HI WB, It really doesn’t matter all that much which side of the radiator the valve is on (supply or return) with a non electric thermostatically controlled valve. ON HOT water Systems.. Steam is another story
Once the set point temperature is reached the valve closes and stops Or slows ( throttling condition) the flow for the desired temperature to be maintained and it doesnt matter if it is supply /return as the flow is stopped/ restricted.
Now if only half your radiator is hot and the other side is cold you have an air bound conditions which means the air must be bleed out as you cannot have air and water in the same place.
Most older H/W isolation valves cannot be a positive shut off as they are designed to have a constant circulation with a small orifice drilled in the valves cylinder or gate depending on the type you have.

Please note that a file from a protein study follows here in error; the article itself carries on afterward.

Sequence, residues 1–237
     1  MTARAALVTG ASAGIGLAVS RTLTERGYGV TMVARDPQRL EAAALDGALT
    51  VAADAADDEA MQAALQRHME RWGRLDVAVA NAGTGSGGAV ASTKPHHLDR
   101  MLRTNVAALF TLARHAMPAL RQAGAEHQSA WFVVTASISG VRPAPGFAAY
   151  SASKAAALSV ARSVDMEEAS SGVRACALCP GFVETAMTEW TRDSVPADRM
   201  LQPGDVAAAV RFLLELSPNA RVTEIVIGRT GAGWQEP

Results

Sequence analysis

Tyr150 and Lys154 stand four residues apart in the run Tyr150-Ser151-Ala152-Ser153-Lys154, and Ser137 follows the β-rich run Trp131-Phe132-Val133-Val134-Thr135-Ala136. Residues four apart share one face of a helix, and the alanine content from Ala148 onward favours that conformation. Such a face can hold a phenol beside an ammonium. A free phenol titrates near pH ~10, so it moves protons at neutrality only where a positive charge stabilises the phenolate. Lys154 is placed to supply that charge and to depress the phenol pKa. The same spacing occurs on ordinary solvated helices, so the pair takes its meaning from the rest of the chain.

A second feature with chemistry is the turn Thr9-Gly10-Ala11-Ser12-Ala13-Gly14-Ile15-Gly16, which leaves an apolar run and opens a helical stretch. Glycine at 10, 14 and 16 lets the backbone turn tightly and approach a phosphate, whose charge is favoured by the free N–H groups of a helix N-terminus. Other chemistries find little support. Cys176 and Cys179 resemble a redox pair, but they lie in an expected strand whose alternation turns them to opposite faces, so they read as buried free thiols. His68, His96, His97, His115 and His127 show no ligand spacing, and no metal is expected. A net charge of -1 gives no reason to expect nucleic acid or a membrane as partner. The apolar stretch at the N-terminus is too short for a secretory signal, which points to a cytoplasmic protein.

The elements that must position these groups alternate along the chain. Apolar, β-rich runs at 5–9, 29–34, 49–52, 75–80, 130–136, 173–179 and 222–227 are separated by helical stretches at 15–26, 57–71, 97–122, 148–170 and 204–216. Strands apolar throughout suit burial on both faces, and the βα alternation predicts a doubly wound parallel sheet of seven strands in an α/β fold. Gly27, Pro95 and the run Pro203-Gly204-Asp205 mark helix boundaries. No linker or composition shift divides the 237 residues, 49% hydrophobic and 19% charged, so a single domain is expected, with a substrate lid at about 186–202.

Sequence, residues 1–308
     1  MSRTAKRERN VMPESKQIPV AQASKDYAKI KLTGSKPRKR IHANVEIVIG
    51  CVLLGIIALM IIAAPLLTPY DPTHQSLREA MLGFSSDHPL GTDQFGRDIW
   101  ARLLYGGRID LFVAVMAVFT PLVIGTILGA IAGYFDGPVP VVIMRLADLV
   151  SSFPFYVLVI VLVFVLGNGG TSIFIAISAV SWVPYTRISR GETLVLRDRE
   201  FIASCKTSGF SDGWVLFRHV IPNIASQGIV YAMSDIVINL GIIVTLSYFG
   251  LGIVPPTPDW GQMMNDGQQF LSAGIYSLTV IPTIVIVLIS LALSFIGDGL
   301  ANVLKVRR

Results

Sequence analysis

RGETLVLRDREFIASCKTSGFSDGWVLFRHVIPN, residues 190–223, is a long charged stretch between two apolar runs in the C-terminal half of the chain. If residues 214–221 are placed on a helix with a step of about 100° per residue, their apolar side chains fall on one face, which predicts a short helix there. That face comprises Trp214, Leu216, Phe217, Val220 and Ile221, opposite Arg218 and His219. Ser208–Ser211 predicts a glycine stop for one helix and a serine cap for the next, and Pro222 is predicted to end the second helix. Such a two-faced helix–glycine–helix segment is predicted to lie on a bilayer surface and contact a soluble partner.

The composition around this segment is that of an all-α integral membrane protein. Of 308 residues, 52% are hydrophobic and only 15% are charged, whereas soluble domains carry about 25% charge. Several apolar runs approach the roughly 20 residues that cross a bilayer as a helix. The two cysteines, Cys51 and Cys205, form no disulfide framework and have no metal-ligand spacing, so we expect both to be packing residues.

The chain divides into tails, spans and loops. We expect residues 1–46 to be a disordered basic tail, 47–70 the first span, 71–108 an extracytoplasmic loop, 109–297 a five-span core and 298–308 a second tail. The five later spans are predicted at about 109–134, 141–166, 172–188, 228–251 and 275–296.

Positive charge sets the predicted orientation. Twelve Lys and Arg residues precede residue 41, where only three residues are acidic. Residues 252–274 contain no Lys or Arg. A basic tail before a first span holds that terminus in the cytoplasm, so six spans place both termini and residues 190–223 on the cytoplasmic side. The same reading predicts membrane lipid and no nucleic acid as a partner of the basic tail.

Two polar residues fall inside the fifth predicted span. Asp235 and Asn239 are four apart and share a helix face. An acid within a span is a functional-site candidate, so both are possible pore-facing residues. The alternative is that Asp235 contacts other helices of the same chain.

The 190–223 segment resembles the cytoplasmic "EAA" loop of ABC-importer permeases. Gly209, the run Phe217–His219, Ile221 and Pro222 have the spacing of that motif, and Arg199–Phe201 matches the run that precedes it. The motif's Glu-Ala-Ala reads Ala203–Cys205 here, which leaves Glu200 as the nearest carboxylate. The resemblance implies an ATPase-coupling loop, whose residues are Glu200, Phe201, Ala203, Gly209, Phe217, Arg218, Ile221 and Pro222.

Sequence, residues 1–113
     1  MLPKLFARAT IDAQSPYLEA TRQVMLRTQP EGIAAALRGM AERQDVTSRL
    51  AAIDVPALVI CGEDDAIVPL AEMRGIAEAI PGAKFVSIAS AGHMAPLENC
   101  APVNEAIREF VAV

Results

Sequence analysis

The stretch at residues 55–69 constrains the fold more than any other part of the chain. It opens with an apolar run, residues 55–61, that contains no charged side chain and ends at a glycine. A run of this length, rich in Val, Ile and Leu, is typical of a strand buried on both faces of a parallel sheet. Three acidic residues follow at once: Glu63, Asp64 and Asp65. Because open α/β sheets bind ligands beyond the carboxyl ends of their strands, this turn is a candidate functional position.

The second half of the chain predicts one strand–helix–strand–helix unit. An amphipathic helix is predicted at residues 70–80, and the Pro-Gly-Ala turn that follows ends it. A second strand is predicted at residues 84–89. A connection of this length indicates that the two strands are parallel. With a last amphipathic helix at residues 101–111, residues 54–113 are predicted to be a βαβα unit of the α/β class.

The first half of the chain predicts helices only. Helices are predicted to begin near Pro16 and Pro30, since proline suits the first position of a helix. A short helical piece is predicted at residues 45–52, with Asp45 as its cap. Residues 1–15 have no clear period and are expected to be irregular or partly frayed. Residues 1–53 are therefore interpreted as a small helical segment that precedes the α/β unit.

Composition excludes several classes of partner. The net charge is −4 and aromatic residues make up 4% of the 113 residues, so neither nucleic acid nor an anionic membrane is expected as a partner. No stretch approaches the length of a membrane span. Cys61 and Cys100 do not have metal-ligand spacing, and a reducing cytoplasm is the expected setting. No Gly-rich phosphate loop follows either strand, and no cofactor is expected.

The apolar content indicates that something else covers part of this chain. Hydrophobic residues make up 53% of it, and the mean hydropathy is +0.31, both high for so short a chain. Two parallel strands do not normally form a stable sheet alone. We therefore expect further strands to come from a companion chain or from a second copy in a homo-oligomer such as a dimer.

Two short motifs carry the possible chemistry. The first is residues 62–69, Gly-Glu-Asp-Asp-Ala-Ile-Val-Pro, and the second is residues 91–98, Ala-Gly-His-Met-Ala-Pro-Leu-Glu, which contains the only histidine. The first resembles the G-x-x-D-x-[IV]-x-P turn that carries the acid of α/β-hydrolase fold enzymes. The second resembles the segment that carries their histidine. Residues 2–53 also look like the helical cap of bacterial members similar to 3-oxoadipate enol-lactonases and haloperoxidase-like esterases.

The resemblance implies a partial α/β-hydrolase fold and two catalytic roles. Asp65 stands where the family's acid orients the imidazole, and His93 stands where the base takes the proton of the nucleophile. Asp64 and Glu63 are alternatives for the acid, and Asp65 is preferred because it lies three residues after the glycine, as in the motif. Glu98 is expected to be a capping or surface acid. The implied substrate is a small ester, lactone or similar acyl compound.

The reason is to protect the system by have the water circulating to prevent freeze ups by forgetting to turn it on again.
In NYC it is not uncommon to find several variations of heating valves on the same system and most unfortunately do not say open or closed.
Some of the older ones even have a the same kind of throttling as an old gas cock BUT on hydronics they call them balancing valves as when they are installed they normally gave a gauge near by so each zone can be balanced by the return temperature GREAT SYSTEM but very old as nothing can go wrong once adjusted.
I think your best bet is to call a Licensed plumbing contractor and have them show you about the proper bleeding procedures. Good luck